The Netflix biopic sets out to explore the ‘man behind the football,’ but captures neither the essence of the man, nor of football
The legend of Roberto Baggio is enshrined within Italian footballing folklore. Despite an injury-ridden career, the 1993 Ballon d’Or winner is known to the country as Raffaello del calcio; the Raphael of football. “I would like people, from the movie about me, to understand the difficulties faced, the importance of reaching the end of the path and being satisfied with what has been done,” Baggio said about the film in an interview with la Repubblica. However, director Letizia Lamartire’s film, made with consultation from the footballer, lacks several key ingredients of a good biopic… most importantly, a clear story.
We are introduced to young Baggio as the film begins, setting out to achieve the dream of scoring a goal against Brazil in a world cup final. The narrative ‘path’ is set — the story is attempted to be told in a literal three act structure — Baggio’s time in Fiorentina, in the Italian national team and in Brescia, giving the audience glimpses of his personal life. However, the mammoth task the film undertakes, of cramming about two decades of a footballer’s life, into the short duration of the film, is its greatest downfall.
Baggio: The Divine Ponytail has a hard time convincing the viewers about its seriousness. In trying to portray the various struggles that the protagonist has to navigate, the narrative loses direction. Is it about a father accepting his son’s ambitions? Is it about the player’s struggle to overcome the serious injuries that plagued his career? Or is it about the spiritual journey which helped Baggio overcome the trauma and emotional pain of not being able to fulfil his ‘destiny’?
Baggio: The Divine Ponytail
- Director: Letizia Lamartire
- Cast: Andrea Arcangeli, Valentina Bellè, Thomas Trabacchi, Antonio Zavatteri
- Duration: 91 minutes
- Storyline: A coming-of-age story of the legendary Italian footballer Roberto Baggio
Then, there are the other important incidents from his career that the film ignores, such as the miraculous recovery from the early injury that Baggio faced at the age of 18. After tearing both the anterior cruciate ligament (ACL) and the meniscus of right knee, the young Italian’s football career was shrouded in doubt as the doctors put 220 stitches without anti-inflammatory drugs because of his allergies. The tragic incident led him to famously plead to his mother, “If you love me, then kill me.”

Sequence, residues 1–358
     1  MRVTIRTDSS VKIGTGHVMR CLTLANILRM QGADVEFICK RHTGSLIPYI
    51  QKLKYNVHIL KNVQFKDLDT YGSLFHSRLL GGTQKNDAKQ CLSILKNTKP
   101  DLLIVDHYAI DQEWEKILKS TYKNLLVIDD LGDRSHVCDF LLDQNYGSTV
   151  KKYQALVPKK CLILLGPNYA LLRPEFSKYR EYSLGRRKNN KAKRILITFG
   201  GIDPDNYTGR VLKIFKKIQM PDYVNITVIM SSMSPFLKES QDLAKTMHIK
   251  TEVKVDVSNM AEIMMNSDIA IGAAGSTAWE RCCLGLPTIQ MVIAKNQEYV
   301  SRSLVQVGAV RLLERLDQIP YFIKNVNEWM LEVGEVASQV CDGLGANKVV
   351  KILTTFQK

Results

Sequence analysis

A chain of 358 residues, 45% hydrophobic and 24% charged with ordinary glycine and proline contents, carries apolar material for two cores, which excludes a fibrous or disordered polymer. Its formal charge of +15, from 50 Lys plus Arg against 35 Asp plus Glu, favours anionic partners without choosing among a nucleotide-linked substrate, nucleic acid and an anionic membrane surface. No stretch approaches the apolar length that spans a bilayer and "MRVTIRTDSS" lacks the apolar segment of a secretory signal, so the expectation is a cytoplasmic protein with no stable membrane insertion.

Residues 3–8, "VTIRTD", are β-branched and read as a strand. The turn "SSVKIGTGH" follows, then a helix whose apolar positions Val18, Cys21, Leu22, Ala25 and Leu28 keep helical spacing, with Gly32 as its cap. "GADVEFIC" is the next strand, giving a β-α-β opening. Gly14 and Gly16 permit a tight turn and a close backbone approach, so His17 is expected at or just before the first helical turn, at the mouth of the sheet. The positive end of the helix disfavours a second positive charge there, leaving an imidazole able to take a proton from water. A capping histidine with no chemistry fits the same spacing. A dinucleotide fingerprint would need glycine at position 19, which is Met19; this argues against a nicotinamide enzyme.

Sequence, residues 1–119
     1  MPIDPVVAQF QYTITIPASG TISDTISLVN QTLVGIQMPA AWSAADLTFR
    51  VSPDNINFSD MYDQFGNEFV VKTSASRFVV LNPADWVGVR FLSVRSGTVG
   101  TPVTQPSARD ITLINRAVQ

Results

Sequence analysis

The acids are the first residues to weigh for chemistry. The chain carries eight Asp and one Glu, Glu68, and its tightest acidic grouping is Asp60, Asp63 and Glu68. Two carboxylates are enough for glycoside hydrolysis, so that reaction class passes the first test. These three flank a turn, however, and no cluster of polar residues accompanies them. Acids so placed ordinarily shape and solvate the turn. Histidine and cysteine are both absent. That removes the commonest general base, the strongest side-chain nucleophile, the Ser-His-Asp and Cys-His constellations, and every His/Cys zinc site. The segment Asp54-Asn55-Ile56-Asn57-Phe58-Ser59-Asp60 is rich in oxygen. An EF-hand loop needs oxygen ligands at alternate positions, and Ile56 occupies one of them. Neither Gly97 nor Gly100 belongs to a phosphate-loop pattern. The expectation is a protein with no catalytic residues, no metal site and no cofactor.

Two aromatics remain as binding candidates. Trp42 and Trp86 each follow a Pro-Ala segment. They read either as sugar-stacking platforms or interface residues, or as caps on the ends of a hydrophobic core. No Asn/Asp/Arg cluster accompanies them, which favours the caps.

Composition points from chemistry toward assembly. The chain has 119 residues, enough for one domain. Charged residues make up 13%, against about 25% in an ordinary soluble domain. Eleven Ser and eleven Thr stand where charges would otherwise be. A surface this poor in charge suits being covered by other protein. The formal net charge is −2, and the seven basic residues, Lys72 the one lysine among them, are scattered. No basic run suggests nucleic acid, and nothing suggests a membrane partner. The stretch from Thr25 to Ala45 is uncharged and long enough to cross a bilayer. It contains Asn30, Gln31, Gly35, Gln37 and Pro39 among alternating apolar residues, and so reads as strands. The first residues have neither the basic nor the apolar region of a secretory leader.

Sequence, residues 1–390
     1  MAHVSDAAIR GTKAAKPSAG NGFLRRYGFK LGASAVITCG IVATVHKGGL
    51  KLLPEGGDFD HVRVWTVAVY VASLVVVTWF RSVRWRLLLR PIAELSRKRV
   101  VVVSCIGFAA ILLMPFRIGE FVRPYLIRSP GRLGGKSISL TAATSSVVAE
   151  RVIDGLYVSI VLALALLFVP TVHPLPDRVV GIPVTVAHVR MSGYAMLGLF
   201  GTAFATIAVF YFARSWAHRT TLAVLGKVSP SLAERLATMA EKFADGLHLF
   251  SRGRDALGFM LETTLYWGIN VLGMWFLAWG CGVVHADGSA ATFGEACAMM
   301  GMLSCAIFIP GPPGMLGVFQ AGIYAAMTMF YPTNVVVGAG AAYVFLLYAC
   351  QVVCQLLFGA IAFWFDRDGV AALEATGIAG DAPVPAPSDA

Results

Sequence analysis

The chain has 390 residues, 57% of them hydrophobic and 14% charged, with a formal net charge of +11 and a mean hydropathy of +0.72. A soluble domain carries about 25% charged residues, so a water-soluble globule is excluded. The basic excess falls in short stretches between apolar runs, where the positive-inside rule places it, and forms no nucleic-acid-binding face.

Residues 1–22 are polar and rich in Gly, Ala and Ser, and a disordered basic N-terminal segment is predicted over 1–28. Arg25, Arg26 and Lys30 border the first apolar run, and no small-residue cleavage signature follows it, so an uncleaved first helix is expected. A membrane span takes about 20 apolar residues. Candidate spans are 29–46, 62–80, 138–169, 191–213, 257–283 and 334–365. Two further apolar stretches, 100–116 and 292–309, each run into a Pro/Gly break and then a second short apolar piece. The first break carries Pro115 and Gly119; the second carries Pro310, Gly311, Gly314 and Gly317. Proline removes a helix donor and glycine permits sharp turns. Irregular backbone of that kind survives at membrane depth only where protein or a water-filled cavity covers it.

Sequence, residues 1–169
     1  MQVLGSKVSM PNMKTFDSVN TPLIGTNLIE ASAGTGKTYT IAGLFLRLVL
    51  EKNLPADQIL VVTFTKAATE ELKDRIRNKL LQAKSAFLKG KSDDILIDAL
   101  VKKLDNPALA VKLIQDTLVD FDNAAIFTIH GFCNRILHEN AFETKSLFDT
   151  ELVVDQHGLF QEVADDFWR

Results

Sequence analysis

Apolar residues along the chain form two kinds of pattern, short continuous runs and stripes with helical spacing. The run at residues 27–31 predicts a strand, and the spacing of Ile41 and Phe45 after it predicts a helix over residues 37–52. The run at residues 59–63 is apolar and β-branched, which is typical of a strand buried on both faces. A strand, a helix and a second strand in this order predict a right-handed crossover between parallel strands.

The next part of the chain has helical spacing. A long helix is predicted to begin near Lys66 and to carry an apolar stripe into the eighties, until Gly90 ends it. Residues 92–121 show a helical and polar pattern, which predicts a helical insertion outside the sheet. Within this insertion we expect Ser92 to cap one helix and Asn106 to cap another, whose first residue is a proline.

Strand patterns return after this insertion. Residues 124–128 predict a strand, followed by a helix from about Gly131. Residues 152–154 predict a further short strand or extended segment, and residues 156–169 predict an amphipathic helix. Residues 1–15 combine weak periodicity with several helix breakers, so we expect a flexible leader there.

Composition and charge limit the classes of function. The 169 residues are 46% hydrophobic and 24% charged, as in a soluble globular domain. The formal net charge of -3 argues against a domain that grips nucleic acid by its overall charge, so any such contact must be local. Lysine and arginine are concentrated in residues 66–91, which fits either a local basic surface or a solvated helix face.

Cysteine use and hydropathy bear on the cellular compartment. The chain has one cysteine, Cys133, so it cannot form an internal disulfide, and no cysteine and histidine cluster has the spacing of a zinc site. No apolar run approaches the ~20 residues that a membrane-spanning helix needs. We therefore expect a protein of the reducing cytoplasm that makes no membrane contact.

The script also entirely glosses over his successful stints at Juventus where he won European Footballer of the Year and FIFA World Player of the Year awards, and A.C. Milan where he claimed, “There is no place for poets in modern football,” after being dropped from the team. The absence of these parts leaves a gaping hole that is jarring for the audience.
The biopic instead chooses to focus on the relationship between Baggio and national team manager Arrigo Sacchi. Although these are some of the better fleshed-out conflicts of the film, it is only so because of the ease with which it slides into the in-sports-everything-is-forgotten cliche. The film also makes a poor representation of Buddhist philosophies, reducing it to cliched self-help mantras and a matter of self-reliance, instead of exploring the nuances and the character’s connection with it.
Director Lamartire’s early education in music shines through the film with her choice of songs and music as background scores. The film alludes to classic American rock bands such as The Eagles and features a soundtrack comprising Vasco Rossi, The Black Keys and Oasis as well as an original song on Roberto Baggio written for the film by Italian singer-songwriter Diodato.
The editing of the film, which blends original footage with recreated scenes, is sharp and commendable. The camerawork is also recognisably smooth, alternating between long shots and medium closeups. For a character-based story, however, it is surprising to see a lack of close-ups.
The acting by Andrea Arcangeli and Valentina Bellè severely suffers because of the sub-par script. The characters don’t seem to be affected as much as they should be when faced with repeated adversity. This makes it more difficult for the audience to empathise with the characters.
“Time has been sucked away, “ the protagonist claims, as his monologue runs over the climatic scene of the 1994 World Cup final penalty shoot-out, “You don’t understand where you are, what’s happening.” Like Baggio, the expectation of the film perhaps has greater spirit than what it delivers. The lines sum up how the audience would feel at times with this biopic which is a fitting viewing for children looking for momentary inspiration.
Baggio: The Divine Ponytail is currently streaming on Netflix